DETROIT — Lou Whitaker hit a walk-off grand slam on June 21, 1994. Carlos Pena did it on June 27, 2004 in a tie situation on the same day the Tigers celebrated their 20-year anniversary of the 1984 World Series Championship team.
Rajai Davis did it on June 30, 2014.
On the day when the Tigers celebrated the 30-year anniversary of the 1984 team, Miguel Cabrera homered and Rajai Davis hit a walk-off grand slam with one out for the 5-4 final.
"It's certainly a lot of fun when it happens," Tigers manager Brad Ausmus said. "It definitely brings the guys together as a group. You see the big pile at home plate and then they celebrate a little bit in the clubhouse, so it's a fun way to win a game. Not something you want to do every night because you end up having a coronary, but it's definitely a fun way to win a game."
Leading 4-1, the Oakland Athletics sent in closer Sean Doolittle, owner of a 0.590 WHIP, to face the bottom of the Tigers' lineup. Despite drawing five walks and three stolen bases, The Detroit offense had managed just five hits over the first eight innings, unable to get anything going with the exception of a solo home run by Miguel Cabrera in the sixth. But Doolittle had just come off of a rare blown save, only his second of the season, and the troubles continued. He began the inning by allowing back-to-back singles to Nick Castellanos and Alex Avila before striking out Eugenio Suarez.
Austin Jackson, who hit ninth for just the first time since 2012, had hit the ball hard a couple of times earlier in the game, with nothing to show for it. He redeemed himself with a nine-pitch battle to draw the Tigers' sixth walk of the game and load the bases for Davis. "Doolittle does not walk a lot of guys," Ausmus said. "Obviously, he's walked two now, all season. It was a huge at-bat and possibly could be considered a turning point in that inning for us."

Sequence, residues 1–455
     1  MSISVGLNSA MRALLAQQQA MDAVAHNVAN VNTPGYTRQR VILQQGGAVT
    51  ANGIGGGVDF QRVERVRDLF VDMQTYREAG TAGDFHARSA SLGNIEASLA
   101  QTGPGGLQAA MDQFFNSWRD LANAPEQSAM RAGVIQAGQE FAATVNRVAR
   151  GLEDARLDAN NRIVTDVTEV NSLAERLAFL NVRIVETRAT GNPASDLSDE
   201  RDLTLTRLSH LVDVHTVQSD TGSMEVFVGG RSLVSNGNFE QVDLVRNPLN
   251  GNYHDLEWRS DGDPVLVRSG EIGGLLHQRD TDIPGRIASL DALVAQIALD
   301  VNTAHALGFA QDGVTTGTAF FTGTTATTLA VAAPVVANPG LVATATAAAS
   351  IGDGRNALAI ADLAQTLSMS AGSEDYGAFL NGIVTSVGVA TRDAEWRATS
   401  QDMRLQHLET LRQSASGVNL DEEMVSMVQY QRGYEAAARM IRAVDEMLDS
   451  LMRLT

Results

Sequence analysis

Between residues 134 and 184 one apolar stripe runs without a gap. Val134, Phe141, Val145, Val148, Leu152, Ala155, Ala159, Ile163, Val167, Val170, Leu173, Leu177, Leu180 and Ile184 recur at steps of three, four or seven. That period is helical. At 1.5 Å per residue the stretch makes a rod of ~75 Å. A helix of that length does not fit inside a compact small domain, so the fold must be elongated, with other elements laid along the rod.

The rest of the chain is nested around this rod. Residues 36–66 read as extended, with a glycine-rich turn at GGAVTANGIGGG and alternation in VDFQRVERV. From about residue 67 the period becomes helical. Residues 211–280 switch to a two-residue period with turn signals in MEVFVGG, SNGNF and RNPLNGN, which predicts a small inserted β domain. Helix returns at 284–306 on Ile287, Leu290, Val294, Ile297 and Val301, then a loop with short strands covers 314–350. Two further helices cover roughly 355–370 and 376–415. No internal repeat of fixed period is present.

Davis took care of the rest, tattooing a 1-0 curveball to the deep left field corner as his teammates stormed the field. But Ausmus wasn't convinced the ball was gone right away. "I wasn't sure," he said. "Gene Lamont seemed to know but his eyes are going. But Geno did say right away, ‘He just won the game for us.'"
Tigers starter Anibal Sanchez had only one strikeout through the first seven innings, but he allowed only one run on seven hits during that time. The line wouldn't hold in the eighth, Sanchez facing two batters before an RBI double ended his night. Sanchez departed to a standing ovation, giving way to Joba Chamberlain, who failed to record an out. A walk, single and a bases-loaded, two-RBI single from Jed Lowrie pushed the A's lead to 4-1 and the Tigers' bullpen back into motion.
"(Chamberlain) was off a little bit," Ausmus said. "I think he was rushing a little bit, and his arm was physically dragging, not like he was hurting, but his arm was dragging behind a little and he had trouble getting the ball down. Joba's been our most consistent guy out of the pen all year. You're going to have an off-night once in a while."
Phil Coke, who has become solid for the Tigers in relief, came on with no outs and finished the inning without allowing another run. Blaine Hardy came on to strike out the lead-off batter in the ninth, pitching a 1-2-3 inning to enable the Tigers' walk-off redemption.